"In Between Days": A Waste Land Between You and Me By Gabriele Barrera
The black on the screen. A noise of steps. Finally, a close-up of a little Korean girl. She walks at a good pace in a waste land, an alien land: the foreign country where she lives, now, and where she’s immigrated with her mother. A place of loneliness and sorrow. And now, she strides on the snow. The noise of the steps increases. Quickly, in the direction of a foreign school. The eye of the camera follows the girl always at close range, like in the movies of Luc and Jean-Pierre Dardenne (Rosetta, 1999) for example. But, in the meantime, the camera waves in the space and gives expression to the state of the uneasiness and of the mental sorrow of the girl, with free and unusual movements, like in Millennium Mambo (2001) by Hou Hsiao-hsien.
A very interesting, an absolutely rigorous style which characterizes from the beginning all the sequences of In Between Days (USA/Canada 2006), the first full-length film directed and written and also edited by So Yong Kim. For this reason, the attention of the spectators is slowly captured by So Yong Kim’s In Between Days (presented in the Forum section of the 56th Berlin Film Festival) and by her cinematographic paradox: the total simplicity of style and language, a style that shows clearly and in an exemplary way the big complexity of the sentiments and the sensations of all the immigrated people.
“The inspiration for In Between Days came from my teenage years”, says director So Yong Kim, a little and bashful young Korean girl perhaps like the protagonist of her movie. “It came from my teenage years of growing up in a suburb of Los Angeles, raised by a single Korean mother. When I began writing In Between Days, I used that experience as the basis to build a backdrop for the characters. My intention in making In Between Days is to share an immigrant story that is personal and honest. With that in mind, I tried to create an intimate character study of a young girl who is coming of age adapting to life in a new country”. She directed her first feature film in Toronto last winter, after a not so long, but very peculiar experience as director, writer, producer and also composer.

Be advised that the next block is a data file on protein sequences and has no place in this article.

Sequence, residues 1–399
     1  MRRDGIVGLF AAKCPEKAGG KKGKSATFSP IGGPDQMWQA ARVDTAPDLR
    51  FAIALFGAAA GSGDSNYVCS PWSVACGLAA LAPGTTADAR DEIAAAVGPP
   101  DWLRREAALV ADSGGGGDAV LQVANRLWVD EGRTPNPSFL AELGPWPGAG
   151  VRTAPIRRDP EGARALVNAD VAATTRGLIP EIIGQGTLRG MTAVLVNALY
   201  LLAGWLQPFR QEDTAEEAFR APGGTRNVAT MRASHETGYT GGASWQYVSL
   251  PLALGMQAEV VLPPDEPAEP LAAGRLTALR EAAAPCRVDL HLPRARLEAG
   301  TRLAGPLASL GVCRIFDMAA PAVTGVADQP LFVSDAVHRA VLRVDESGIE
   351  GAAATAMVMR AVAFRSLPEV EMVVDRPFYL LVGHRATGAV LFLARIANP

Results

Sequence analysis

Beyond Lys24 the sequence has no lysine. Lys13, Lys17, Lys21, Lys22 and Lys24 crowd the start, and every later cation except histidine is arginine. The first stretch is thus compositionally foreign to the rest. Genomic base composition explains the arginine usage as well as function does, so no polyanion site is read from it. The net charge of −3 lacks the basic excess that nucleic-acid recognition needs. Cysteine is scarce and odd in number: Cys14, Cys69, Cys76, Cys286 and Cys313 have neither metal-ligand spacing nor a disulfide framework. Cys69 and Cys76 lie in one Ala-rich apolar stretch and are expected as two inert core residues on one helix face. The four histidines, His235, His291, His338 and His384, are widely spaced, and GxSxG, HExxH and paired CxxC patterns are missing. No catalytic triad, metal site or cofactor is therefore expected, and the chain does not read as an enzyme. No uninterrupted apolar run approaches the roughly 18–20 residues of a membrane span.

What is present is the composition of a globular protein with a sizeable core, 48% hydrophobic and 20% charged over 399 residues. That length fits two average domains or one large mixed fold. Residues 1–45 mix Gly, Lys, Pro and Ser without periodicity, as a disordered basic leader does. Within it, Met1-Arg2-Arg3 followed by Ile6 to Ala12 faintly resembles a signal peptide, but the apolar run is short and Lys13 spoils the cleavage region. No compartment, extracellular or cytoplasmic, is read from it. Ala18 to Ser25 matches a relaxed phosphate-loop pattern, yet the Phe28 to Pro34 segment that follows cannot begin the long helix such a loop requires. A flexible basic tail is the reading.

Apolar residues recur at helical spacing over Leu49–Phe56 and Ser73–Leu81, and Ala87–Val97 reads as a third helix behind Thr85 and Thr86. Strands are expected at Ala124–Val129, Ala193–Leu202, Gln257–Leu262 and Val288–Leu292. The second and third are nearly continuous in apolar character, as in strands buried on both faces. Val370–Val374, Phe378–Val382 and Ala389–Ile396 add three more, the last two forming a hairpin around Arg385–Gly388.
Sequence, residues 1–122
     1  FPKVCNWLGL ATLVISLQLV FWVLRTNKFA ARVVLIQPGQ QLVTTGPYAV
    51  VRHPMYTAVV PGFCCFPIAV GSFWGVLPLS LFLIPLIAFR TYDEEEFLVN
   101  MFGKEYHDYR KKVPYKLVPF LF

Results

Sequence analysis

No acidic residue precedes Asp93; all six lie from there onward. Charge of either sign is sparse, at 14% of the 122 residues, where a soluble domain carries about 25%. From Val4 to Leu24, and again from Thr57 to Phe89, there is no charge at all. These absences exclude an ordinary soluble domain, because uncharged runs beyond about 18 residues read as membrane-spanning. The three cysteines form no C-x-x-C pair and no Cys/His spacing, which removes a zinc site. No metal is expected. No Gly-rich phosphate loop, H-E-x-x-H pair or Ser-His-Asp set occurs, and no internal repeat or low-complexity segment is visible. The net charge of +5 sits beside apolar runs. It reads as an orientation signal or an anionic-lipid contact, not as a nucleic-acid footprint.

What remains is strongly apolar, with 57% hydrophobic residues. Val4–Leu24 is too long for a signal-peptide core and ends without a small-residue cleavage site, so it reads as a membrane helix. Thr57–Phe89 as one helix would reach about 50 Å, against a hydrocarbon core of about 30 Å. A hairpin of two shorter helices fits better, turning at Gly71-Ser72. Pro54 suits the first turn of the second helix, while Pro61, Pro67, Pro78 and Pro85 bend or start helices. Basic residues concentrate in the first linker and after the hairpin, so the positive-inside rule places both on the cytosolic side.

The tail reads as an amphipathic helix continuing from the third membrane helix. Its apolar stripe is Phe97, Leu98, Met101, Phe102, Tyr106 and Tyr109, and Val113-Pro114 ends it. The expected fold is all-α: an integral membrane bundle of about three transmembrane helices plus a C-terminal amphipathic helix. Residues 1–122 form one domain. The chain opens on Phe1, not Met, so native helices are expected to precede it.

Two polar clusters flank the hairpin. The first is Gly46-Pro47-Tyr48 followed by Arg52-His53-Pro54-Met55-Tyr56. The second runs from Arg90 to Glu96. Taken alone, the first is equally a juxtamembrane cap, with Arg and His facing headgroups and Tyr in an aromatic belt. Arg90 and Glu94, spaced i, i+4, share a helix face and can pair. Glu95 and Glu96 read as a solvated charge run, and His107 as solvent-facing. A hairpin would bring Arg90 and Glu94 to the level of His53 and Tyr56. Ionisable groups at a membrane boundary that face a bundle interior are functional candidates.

And so, Aimie, the little Korean immigrant teenager, observes the world in two different ways. First we see the world of every day: Aimie’s eye can’t view the waste land of her isolation — also in the special circle of the Americanized Korean girls. For this reason she views only and exclusively her best-friend Tran, the only source of warm affection in the cold country of her loneliness. The cinematographic style follows her denial of a spacious view (the space of the anxiety and the eradication), with the stylistic choice of the close-up. But Aimie has fallen in love with Tran, she tries to express her feelings for him, and she’s scared of losing their friendship. The misunderstood affection for each other creates a delicate relationship: an ingenious allegory of the delicate relations between the normal life in a foreign country of the immigrated people (the friendship) and the strong desires of integration (the love). This is the way of the reality.
The second way is Aimie’s dreams: Aimie’s eye can view, finally, the waste land of her home-sickness. And Aimie is homesick for her country and her father. In her dreams she talks with her absent father. On the screen, the spectator views a crystallized landscape with a creative composition of big pixels. Another brilliant allegory of the frustration (the still-images) of the same desires and dreams.